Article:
1. Connect to the server using MariaDB Client:

    $ mariadb --user=root
    
  2. Temporarily disable foreign key constraint checks by setting the foreign_key_checks system variable with the SET SESSION statement:

    SET SESSION foreign_key_checks=OFF;
    
  3. If you want to test how to introduce inconsistencies, then attempt to delete a row from the parent table that has a corresponding row in the child table using the DELETE statement:

    DELETE FROM hq_sales.customers
       WHERE customer_id = 1;
    

    This operation would usually fail with the ER_NO_REFERENCED_ROW error code as explained in the Operating on a Parent Table section, but if foreign key constraint checks are disable, then it will succeed.

  4. If you want to test how to introduce inconsistencies, then also attempt to insert a row into the child table for a non-existent row in the parent table using the INSERT statement:

    INSERT INTO hq_sales.invoices
       (branch_id, customer_id, invoice_date, invoice_total, payment_method)
    VALUES
       (1, 3, '2020-05-10 14:25:16', 227.15, 'CASH');
    

    This operation would usually fail with the ER_NO_REFERENCED_ROW_2 error code as explained in the Operating on a Child Table section, but if foreign key constraint checks are disable, then it will succeed.

  5. Re-enable foreign key constraint checks by setting the foreign_key_checks system variable with the SET SESSION statement:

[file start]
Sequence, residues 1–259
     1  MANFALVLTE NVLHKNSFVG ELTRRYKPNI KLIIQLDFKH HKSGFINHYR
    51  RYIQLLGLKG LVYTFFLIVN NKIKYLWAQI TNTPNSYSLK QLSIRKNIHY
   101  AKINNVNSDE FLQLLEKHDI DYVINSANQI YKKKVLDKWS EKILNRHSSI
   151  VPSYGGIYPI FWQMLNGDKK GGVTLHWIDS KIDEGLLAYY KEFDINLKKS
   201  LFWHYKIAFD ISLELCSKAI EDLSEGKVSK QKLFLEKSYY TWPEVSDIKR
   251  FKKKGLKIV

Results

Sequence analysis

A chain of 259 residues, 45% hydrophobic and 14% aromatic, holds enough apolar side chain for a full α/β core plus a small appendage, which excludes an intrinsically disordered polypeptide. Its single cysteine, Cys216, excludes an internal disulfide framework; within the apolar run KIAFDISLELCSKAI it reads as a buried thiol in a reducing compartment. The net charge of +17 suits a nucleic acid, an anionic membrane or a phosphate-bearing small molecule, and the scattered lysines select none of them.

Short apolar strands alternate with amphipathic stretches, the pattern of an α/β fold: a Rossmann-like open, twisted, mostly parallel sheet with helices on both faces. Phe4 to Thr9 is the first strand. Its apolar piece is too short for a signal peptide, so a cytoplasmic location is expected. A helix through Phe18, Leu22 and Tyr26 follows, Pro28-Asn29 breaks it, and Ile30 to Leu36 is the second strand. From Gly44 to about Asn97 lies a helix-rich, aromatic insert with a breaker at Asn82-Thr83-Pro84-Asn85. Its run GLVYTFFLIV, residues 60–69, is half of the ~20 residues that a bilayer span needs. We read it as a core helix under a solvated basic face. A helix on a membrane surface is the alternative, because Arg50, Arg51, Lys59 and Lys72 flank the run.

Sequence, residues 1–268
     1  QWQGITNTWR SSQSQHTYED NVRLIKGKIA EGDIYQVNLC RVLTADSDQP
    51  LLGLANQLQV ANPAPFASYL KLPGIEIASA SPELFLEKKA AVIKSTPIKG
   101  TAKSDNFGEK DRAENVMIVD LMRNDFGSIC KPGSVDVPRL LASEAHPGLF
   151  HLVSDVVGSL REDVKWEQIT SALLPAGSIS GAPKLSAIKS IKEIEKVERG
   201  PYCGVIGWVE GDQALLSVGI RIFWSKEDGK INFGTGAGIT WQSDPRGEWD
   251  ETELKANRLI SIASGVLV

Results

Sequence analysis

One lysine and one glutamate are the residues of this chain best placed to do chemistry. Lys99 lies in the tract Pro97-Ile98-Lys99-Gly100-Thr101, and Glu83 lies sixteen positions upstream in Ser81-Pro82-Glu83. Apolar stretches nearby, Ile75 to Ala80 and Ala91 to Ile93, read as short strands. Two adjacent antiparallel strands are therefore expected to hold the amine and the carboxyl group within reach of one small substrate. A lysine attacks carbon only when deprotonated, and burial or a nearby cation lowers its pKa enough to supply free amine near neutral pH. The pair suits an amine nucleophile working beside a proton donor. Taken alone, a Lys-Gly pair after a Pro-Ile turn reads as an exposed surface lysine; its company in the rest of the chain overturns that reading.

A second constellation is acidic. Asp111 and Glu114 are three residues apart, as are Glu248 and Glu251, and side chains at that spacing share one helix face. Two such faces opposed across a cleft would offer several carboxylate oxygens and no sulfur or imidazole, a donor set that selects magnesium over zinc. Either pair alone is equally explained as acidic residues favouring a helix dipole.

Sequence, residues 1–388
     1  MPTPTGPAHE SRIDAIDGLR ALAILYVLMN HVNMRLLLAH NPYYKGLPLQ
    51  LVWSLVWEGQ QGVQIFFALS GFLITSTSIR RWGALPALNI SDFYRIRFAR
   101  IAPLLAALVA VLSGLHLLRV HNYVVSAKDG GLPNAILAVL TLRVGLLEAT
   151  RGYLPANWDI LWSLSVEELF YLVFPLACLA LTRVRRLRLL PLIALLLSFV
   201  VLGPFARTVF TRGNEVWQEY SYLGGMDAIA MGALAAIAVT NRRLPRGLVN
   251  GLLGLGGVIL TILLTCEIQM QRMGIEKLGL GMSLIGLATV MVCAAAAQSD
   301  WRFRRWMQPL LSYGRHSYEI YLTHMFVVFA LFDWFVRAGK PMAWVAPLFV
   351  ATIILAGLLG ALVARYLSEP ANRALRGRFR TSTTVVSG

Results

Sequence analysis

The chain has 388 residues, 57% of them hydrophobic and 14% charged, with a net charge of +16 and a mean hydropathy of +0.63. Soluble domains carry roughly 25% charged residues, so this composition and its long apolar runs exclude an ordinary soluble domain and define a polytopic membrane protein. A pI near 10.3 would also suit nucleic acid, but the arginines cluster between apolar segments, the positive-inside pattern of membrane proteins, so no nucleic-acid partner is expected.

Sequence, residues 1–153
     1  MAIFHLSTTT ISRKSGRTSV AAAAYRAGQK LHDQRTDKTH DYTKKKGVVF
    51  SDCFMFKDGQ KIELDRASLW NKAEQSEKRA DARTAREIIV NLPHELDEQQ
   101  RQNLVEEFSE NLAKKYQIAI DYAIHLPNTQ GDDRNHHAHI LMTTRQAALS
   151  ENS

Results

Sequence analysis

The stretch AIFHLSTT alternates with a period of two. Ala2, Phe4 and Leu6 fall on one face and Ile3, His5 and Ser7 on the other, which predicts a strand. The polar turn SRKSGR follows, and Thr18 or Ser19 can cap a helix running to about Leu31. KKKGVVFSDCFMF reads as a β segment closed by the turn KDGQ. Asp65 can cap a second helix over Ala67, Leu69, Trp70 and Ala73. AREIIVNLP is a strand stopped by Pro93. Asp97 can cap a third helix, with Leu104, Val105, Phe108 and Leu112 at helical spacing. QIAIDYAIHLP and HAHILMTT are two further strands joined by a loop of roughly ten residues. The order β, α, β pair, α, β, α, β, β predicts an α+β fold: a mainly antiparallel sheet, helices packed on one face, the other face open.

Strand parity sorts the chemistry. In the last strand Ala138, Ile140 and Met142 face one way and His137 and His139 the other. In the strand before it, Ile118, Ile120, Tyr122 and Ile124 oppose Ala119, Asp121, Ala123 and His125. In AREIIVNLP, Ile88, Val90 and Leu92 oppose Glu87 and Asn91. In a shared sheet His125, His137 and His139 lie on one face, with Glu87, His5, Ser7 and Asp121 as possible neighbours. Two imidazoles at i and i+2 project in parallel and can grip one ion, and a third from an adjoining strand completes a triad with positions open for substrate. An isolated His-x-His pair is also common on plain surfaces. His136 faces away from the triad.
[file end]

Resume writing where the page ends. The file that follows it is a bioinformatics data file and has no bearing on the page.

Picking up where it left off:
SET SESSION foreign_key_checks=ON;
    

Special Cases

Foreign Key Constraint Namespace

When a foreign key constraint is created without a name, InnoDB implicitly gives it a name in the format:

<table_name>_ibfk_<constraint_count>

If foreign key constraints are explicitly created with names in the same format, it is possible for collisions to occur during table renames. In that case, the MariaDB Error Log would contain messages like the following:

2021-06-16 11:50:39 139702710404864 [ERROR] InnoDB: Possible reasons:
2021-06-16 11:50:39 139702710404864 [ERROR] InnoDB: (1) Table rename would cause two FOREIGN KEY constraints to have the same internal name in case-insensitive comparison.
2021-06-16 11:50:39 139702710404864 [ERROR] InnoDB: (2) Table `test`.`t3` exists in the InnoDB internal data dictionary though MySQL is trying to rename table `test`.`t2b` to it. Have you deleted the .frm file and not used DROP TABLE?
2021-06-16 11:50:39 139702710404864 [ERROR] InnoDB: If table `test`.`t3` is a temporary table #sql..., then it can be that there are still queries running on the table, and it will be dropped automatically when the queries end. You can drop the orphaned table inside InnoDB by creating an InnoDB table with the same name in another database and copying the .frm file to the current database. Then MySQL thinks the table exists, and DROP TABLE will succeed.

Dependence on an Index

A foreign key constraint requires an index on the column. If a foreign key constraint is added to a column without an index, InnoDB will automatically create an index to enforce the foreign key constraint.

When the foreign_key_checks system variable is disabled, it is possible to drop the index used by a foreign key constraint. When the foreign_key_checks system variable is re-enabled, InnoDB will have no way to enforce the foreign key constraint, so all operations that could potentially violate the foreign key constraint will fail.